Koontz is working with cattlemen in other parts of the state to do a later round of open heifers for donation this summer. To learn more about Heifers for South Dakota, visit their website at http://helpforsouthdakota.com and “like” the “Heifers for S. Dakota” page on Facebook to see how ranchers are helping across the country.
Looking over the past year, and especially the past few months, the needs seem so great in the wake of weather events that have surpassed expectations. An early autumn blizzard in the Plains, a typhoon of immeasurable proportions in the Philippines, scores of tornadoes unleashed unseasonably in the Midwest — each event bringing its own form of devastation to a location, a people, a community.
And yet, folks in the midst of ruin are thankful. Reading the accounts or speaking with those affected personally, one common thread emerges… People who have survived a devastating event often have a more thankful heart than those of us going about our daily lives without having to face such immediate danger and loss.
As we celebrate Thanksgiving in a few days, we talk about what we are thankful for. We look around at family, friends, home, hearth, sustenance, and the Lord’s blessings in our lives.
But do we have a thankful heart? Are we full of gratitude? While giving thanks is an action we are reminded to engage in, a thankful heart, on the other hand, is a state of mind.
One example for me is the rancher in South Dakota who — when selected to receive heifers from the Heifers for South Dakota project — instead said no, let me give four of my best to someone who needs that spark of hope. In that case, the rancher had lost nearly half his herd in Storm Atlas October 4-5, but he said he would pull through. With a thankful heart, he gave four heifers to the project so that someone else in a similar situation could benefit.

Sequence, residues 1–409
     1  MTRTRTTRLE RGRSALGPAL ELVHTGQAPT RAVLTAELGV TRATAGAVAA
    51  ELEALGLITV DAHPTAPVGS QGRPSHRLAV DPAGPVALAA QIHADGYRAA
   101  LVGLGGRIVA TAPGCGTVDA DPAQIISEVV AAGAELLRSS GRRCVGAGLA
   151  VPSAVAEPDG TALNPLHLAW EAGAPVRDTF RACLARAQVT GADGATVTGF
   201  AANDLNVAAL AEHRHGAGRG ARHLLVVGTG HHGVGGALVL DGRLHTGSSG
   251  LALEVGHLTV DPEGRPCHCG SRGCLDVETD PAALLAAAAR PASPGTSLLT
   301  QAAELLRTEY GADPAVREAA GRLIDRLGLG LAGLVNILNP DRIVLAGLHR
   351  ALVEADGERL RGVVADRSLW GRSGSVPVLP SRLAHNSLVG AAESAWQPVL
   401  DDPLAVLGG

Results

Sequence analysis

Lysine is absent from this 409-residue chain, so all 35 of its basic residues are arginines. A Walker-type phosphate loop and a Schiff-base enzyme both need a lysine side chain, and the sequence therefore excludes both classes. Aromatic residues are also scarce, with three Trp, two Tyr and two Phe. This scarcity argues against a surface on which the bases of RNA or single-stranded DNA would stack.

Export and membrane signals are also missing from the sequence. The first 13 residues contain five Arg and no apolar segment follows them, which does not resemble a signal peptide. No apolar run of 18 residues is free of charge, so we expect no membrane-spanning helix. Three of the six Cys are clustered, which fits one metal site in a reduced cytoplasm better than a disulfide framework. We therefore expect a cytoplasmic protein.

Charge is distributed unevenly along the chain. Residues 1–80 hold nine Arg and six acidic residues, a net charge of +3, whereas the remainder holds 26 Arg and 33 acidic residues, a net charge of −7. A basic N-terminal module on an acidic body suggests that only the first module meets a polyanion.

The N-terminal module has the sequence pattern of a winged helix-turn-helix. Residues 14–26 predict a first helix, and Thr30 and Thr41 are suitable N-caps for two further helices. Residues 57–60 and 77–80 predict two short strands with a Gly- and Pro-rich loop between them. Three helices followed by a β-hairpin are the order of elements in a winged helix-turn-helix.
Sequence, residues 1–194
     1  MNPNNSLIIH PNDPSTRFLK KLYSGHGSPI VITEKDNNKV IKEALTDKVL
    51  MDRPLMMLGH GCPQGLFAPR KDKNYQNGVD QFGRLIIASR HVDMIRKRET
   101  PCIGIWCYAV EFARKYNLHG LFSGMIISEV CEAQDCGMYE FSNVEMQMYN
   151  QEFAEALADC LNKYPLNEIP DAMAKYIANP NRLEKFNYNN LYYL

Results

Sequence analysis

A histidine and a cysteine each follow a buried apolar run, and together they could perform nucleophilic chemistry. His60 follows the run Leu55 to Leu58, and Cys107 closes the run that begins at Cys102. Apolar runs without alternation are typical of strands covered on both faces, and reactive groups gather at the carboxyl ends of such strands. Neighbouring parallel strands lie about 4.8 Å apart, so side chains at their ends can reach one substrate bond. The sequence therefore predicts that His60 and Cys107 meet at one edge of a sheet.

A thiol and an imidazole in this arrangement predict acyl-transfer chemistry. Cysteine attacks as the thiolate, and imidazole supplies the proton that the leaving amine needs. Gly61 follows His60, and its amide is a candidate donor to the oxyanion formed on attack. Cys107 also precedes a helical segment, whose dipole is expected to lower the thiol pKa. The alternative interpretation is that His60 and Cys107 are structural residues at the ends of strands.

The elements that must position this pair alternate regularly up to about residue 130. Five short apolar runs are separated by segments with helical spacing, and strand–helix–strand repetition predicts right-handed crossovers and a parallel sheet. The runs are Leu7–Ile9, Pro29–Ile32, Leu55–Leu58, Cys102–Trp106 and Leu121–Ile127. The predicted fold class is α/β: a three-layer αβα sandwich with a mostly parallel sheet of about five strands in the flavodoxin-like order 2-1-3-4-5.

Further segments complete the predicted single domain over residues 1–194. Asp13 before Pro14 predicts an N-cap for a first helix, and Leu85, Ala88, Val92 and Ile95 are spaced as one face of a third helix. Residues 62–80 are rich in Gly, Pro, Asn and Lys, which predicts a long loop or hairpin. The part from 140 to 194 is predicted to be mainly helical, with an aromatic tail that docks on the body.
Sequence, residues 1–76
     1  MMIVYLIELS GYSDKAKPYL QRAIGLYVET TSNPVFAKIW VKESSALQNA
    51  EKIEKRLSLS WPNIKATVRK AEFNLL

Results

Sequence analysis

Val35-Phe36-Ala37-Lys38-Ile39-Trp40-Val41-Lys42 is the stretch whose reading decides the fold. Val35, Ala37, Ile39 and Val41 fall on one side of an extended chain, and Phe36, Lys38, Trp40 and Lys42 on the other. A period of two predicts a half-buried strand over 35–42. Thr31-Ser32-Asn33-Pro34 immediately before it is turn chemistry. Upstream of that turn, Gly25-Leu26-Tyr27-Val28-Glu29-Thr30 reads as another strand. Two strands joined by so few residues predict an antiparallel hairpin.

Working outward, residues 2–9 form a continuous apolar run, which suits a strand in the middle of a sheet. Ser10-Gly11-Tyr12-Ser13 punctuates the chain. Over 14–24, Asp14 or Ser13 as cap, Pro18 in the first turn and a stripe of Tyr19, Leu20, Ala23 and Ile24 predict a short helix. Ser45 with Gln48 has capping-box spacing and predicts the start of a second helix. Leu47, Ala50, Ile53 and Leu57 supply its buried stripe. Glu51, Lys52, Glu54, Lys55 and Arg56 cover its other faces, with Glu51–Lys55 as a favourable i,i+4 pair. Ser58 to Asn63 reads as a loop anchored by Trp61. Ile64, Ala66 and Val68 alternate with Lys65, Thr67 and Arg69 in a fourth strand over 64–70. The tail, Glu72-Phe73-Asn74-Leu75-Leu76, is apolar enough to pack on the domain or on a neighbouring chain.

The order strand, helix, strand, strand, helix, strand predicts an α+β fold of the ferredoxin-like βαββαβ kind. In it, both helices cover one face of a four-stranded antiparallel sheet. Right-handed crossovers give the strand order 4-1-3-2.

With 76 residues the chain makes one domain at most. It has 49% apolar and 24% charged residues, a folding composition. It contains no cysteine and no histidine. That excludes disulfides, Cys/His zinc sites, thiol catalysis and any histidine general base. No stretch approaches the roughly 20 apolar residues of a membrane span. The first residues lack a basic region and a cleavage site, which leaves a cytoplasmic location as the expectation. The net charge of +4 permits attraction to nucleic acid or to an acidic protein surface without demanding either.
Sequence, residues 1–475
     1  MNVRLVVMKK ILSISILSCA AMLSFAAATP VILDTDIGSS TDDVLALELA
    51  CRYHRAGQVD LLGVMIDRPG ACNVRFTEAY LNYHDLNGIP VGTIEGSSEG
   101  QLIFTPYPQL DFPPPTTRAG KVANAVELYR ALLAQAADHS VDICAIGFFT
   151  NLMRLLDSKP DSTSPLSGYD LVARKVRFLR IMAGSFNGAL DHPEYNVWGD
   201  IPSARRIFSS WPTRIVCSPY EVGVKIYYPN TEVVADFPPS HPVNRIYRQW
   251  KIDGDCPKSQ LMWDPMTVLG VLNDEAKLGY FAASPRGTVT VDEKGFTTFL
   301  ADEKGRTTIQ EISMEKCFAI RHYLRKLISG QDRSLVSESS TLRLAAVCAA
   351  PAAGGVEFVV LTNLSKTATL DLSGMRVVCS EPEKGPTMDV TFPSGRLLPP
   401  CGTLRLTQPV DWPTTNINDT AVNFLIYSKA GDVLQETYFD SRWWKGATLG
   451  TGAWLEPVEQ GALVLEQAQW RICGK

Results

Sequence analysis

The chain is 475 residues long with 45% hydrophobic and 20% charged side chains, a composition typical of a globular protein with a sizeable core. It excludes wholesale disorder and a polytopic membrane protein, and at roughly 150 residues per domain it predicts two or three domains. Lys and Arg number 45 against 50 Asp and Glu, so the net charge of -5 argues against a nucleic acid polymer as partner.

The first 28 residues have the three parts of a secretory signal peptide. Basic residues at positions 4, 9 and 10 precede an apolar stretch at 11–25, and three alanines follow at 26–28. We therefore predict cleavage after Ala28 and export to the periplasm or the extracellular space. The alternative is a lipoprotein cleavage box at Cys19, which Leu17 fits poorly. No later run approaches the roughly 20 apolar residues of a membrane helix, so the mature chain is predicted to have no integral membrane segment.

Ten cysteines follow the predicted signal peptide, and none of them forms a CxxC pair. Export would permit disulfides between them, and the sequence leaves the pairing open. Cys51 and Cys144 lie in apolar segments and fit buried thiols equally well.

After the tornadoes last weekend, farmers in some areas of the Midwest lost buildings, communities lost schools and homes. Within hours, neighboring communities and farm groups had mobilized cleanup efforts to help with the first step and most difficult step in rebuilding — grasping the devastation and sifting, sorting, cleaning up to regroup and move forward.
An ocean away in the Philippines, an even darker picture emerges, with a staggering death toll and untold survivors without food, water, shelter. As organized aid finally is able to flow to that region, stories of thankfulness follow.
We live in a world today with all the bells and whistles. We have so many distractions from the things that are most important. Each of us can be one moment away from a change or loss unexpected, which is all the more reason to not just give thanks for what we have but to embrace an attitude of thanksgiving, to have a thankful heart.
The first Thanksgiving in 1621 was such an occasion. The celebration was of the first successful harvest, preceded by a winter of loss, disease, hunger, and fear and a spring and summer of drought but trusted still to be blessed with a harvest.
I am reminded of the Rose Kennedy quote: “Birds sing after a storm; why shouldn’t people feel as free to delight in whatever sunlight remains to them?”
A thankful heart then paves the way for optimism, faith, hope. A thankful heart allows us to see the new sunshine and sing instead of remaining quietly in the dark of the storm.